The prototype comprises a simple Piral shell instance which includes two Piral plugins that extend the Piral API, and a mock pilet feed service as defined in the Piral Specification. The shell implements the lifecycle methods of the open edX frontend-platform library and exposes the endpoints of the library to Pilets (microfront ends - MFEs) loaded by the shell.
Additionally, the prototype includes modified versions of the Open edX Learning and Account MFEs, refactored to build packages according to the Pilet Specification. It also features modified versions of the Open edX Header and Footer components, now built as pilets.
Minor modifications were made to frontend-build, paragon, and frontend-platform for compatibility purposes. As we explore further, it is worth discussing how these existing projects can best align with the Piral model moving forward.
Open edX Piral Shell
The open edX Piral shell is a container application that relies on the email@example.com libraries. The shell fulfills several requirements for the proposed solution, including:
MFE composition for domain-specific applications like LMS and Studio.
Universal routing between loaded MFEs.
Common user experience elements and components such as headers, footers, and navigation.
A streamlined developer experience.
Common management of dependencies (e.g., React).
Common runtime configurations for important concerns such as internationalization, Redux, and logging.
By leveraging the Kras server proxying library, which is integrated into Piral, the shell implements an MFE Feed Service that demonstrates how different configurations of pilets can be loaded into the shell. A simple change in the "Pilet Feed" can load an entirely different set of pilets into the shell, allowing the same Shell to host various Open edX applications such as Studio or LMS, or to offer alternative brand UX (edX vs open edX), or even to provide alternative MFEs suitable for specialized deployments. Moving this configuration to an external service, as recommended by Piral, would provide a highly configurable and flexible solution for Open edX deployments at run time.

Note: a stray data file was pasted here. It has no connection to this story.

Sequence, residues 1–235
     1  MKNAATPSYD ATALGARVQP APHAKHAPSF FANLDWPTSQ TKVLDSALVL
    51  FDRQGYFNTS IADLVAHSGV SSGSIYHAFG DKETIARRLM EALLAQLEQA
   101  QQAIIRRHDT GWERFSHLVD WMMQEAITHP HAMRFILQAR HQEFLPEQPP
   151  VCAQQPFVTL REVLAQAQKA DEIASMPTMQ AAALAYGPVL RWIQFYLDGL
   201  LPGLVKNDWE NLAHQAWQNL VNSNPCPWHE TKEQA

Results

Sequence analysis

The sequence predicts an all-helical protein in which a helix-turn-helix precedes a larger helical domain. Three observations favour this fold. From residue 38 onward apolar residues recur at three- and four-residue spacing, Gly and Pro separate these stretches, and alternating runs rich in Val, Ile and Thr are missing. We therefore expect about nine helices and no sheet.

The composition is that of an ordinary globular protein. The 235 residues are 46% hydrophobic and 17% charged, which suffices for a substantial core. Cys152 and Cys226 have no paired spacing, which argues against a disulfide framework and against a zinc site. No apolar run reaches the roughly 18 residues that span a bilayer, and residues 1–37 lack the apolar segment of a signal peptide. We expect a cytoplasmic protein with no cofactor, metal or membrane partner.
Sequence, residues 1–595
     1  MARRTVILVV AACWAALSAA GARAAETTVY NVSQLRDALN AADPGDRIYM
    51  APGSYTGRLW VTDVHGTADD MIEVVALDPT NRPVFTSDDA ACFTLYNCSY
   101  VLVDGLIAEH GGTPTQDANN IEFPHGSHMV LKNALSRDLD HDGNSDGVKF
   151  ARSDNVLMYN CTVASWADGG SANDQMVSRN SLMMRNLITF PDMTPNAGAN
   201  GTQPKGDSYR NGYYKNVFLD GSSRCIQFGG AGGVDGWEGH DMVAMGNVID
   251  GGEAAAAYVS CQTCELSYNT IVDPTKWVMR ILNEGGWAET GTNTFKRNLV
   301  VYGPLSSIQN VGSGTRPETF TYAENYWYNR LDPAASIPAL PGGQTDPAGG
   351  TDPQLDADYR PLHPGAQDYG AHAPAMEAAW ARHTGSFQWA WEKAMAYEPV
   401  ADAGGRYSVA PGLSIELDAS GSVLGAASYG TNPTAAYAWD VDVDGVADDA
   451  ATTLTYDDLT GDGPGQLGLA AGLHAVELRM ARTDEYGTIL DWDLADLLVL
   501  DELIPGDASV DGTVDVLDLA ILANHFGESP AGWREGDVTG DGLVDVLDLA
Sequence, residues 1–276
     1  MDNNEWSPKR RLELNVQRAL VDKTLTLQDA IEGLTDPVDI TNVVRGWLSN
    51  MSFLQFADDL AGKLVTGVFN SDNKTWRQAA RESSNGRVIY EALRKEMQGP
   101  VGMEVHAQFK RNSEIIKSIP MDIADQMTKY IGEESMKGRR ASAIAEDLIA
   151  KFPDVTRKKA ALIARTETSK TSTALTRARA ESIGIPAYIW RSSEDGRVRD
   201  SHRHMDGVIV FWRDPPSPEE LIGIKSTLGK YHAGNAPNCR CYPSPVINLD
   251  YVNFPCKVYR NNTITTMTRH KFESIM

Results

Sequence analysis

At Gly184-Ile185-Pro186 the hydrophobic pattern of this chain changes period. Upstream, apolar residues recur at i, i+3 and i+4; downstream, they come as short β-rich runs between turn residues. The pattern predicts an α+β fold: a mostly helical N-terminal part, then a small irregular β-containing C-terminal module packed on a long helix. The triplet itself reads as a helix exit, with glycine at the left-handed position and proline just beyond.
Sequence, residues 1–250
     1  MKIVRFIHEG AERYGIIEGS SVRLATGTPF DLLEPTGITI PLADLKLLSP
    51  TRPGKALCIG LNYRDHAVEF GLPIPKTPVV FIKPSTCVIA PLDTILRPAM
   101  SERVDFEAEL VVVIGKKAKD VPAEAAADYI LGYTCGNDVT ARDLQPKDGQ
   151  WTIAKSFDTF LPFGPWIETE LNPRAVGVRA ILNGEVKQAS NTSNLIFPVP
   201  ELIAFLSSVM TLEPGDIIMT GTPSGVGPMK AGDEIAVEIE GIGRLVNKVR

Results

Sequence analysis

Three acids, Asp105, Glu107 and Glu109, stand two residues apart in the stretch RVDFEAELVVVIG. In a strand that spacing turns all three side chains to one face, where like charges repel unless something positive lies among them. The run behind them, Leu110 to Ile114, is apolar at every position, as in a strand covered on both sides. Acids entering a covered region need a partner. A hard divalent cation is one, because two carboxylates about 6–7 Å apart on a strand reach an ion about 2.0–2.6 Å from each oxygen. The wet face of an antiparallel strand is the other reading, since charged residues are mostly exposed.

This Piral instance leverages the Piral plugin mechanism to deliver a custom plugin that showcases the ability to address UX and UI consistency issues across MFEs while significantly improving the capability to deliver alternative layouts and designs to Open edX audiences.
The Layout Plugin, inspired by an example in the Piral documentation, allows the visual components of the shell (such as pages and components) to be defined by pilets rather than the shell itself. This decouples branding, look and feel, and common navigation elements from the features and function of MFEs, making them lighter and easier to develop and update as the platform and its deployments evolve. In this prototype, we offer two different layouts that can be switched via a URL query parameter (?alt=layout).
Under the hood, the Open edX Piral Shell offers significant advantages to developers and deployers of the platform.
This prototype showcases Piral's ability to simplify MFE development for Open edX. In addition to factoring out common navigation and display elements like footers and headers, developers can now develop and debug their MFEs by simply declaring their dependency on the Shell package itself. The ubiquitous npm start command works both from the Shell and any of the two MFEs or component libraries included in the prototype. This allows MFEs to start up the entire Shell for debugging, greatly simplifying the development environment and helping identify compatibility issues early in the process.
Sharing and managing dependencies across MFEs is one of Piral's most advertised features. Piral uses the importMap standard to handle shared dependencies from the shell to Pilets. In this prototype, the following dependencies are shared from the Piral Shell to MFEs: react, react-dom, react-router, react-router-dom, @edx/frontend-platform, @edx/frontend-build, and @edx/browserlist-config. MFEs that depend on the shell can declare peer dependencies to these libraries, thereby inheriting the dependency declared by the shell.